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I'd like to explain the idea that I don't want to pursue only one hobby, but I'm unsure if in English there is a difference using only before or after the number. Which one is correct and why?

I like to find new interests and don't be stuck into one only hobby.

or

I like to find new interests and don't be stuck into only one hobby.

  • In that example, only "only one" works. – Lawrence Mar 4 '17 at 11:58
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"Only one" functions as a quantifier, and can be used pretty well anywhere that "one" could be used as a quantifier.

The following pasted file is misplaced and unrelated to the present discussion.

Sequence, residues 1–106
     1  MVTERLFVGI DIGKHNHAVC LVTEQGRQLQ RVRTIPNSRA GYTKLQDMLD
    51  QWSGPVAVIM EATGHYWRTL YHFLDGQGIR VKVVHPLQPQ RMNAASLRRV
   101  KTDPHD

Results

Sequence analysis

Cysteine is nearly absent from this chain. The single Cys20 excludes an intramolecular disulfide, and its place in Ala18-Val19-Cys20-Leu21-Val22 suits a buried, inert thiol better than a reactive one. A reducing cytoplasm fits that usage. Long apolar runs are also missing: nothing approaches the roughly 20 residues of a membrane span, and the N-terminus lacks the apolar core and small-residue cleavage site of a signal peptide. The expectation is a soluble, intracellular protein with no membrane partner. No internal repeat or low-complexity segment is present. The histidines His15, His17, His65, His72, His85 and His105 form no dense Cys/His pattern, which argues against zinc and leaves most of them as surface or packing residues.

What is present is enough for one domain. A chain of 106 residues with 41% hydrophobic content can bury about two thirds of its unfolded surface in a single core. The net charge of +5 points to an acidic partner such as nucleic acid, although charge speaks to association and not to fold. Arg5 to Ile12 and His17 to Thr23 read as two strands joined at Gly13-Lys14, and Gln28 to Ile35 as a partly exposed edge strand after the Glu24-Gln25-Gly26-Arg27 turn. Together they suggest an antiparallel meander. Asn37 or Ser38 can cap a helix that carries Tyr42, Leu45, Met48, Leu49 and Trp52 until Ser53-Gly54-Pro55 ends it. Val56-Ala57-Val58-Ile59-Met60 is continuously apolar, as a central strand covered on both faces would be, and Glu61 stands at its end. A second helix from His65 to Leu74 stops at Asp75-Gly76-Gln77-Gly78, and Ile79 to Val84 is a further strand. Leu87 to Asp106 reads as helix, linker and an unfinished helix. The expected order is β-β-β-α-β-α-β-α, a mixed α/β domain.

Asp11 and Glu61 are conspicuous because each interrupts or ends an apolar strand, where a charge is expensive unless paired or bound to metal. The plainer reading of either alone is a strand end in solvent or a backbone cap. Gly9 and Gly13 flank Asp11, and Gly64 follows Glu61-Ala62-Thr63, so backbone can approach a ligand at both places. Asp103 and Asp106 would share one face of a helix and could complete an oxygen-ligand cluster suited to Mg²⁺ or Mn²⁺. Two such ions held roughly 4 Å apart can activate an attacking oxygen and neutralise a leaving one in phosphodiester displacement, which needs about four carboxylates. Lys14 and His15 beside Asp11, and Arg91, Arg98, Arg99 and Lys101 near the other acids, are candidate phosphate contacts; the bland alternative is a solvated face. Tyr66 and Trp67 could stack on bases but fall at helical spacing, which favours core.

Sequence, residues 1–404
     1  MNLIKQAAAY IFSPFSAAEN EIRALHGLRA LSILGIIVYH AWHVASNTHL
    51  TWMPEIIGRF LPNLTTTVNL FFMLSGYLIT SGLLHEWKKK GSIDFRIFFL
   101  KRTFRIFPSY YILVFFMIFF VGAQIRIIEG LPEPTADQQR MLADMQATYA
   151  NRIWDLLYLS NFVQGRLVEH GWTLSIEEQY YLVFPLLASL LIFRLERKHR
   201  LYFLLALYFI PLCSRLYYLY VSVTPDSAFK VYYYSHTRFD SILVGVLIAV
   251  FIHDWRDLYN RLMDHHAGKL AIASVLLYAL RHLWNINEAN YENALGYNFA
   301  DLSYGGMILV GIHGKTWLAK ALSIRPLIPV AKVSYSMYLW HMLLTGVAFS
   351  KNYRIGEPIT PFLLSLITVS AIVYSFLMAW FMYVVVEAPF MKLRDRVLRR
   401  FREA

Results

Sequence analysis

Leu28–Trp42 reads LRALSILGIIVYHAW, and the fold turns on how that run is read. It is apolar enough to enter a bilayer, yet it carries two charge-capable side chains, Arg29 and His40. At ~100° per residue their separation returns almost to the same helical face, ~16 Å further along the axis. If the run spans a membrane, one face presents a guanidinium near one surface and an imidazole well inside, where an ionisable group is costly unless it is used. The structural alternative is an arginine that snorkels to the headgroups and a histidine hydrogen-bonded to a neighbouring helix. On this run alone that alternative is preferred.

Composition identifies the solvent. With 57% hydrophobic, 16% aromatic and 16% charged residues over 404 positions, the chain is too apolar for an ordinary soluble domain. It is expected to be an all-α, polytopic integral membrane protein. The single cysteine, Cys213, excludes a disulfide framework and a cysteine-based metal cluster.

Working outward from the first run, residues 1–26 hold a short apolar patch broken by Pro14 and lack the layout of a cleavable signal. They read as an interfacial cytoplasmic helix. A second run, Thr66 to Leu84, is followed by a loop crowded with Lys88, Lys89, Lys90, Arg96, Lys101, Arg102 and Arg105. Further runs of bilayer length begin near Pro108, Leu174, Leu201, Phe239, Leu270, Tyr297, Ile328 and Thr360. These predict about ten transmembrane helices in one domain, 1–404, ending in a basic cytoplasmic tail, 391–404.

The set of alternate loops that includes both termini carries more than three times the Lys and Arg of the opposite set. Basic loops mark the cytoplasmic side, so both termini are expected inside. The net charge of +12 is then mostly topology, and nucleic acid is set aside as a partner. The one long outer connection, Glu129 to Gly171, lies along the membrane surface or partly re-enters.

"One only hobby" could only be parsed with the archaic adjectival use of "only" meaning "sole" or "single". (It survives in the fixed expression "an only child", but is otherwise confined to historical and literary usage).

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